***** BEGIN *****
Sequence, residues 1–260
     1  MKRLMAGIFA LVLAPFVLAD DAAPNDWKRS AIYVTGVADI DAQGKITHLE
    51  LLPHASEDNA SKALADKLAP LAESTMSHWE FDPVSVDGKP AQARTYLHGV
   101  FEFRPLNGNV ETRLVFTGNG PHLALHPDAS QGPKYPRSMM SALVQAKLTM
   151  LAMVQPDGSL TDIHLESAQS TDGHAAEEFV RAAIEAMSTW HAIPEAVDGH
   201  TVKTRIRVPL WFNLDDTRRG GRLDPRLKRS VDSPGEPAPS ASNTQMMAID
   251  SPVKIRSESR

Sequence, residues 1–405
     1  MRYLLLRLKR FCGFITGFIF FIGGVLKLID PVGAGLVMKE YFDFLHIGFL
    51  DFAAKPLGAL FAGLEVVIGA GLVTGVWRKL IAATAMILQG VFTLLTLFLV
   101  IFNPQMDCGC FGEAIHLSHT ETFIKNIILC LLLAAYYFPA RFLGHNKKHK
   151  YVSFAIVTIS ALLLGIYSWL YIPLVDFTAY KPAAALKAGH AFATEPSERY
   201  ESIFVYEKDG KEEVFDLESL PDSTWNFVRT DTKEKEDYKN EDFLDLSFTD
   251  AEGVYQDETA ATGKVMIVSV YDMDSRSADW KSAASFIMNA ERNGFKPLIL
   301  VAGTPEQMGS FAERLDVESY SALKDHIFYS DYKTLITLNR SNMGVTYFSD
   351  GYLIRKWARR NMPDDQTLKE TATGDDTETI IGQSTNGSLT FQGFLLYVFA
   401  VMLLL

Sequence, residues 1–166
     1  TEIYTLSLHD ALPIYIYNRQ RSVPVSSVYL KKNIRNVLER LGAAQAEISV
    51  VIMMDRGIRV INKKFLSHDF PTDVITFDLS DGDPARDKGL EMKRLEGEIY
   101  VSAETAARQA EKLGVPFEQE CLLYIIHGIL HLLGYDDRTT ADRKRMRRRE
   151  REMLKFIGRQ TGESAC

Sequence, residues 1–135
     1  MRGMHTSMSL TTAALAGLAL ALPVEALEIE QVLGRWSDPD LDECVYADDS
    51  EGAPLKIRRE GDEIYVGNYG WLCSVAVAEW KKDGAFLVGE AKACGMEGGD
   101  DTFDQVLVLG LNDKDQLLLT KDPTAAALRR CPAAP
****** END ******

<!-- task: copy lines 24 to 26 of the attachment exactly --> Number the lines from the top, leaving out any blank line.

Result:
     1  MRGMHTSMSL TTAALAGLAL ALPVEALEIE QVLGRWSDPD LDECVYADDS
    51  EGAPLKIRRE GDEIYVGNYG WLCSVAVAEW KKDGAFLVGE AKACGMEGGD
   101  DTFDQVLVLG LNDKDQLLLT KDPTAAALRR CPAAP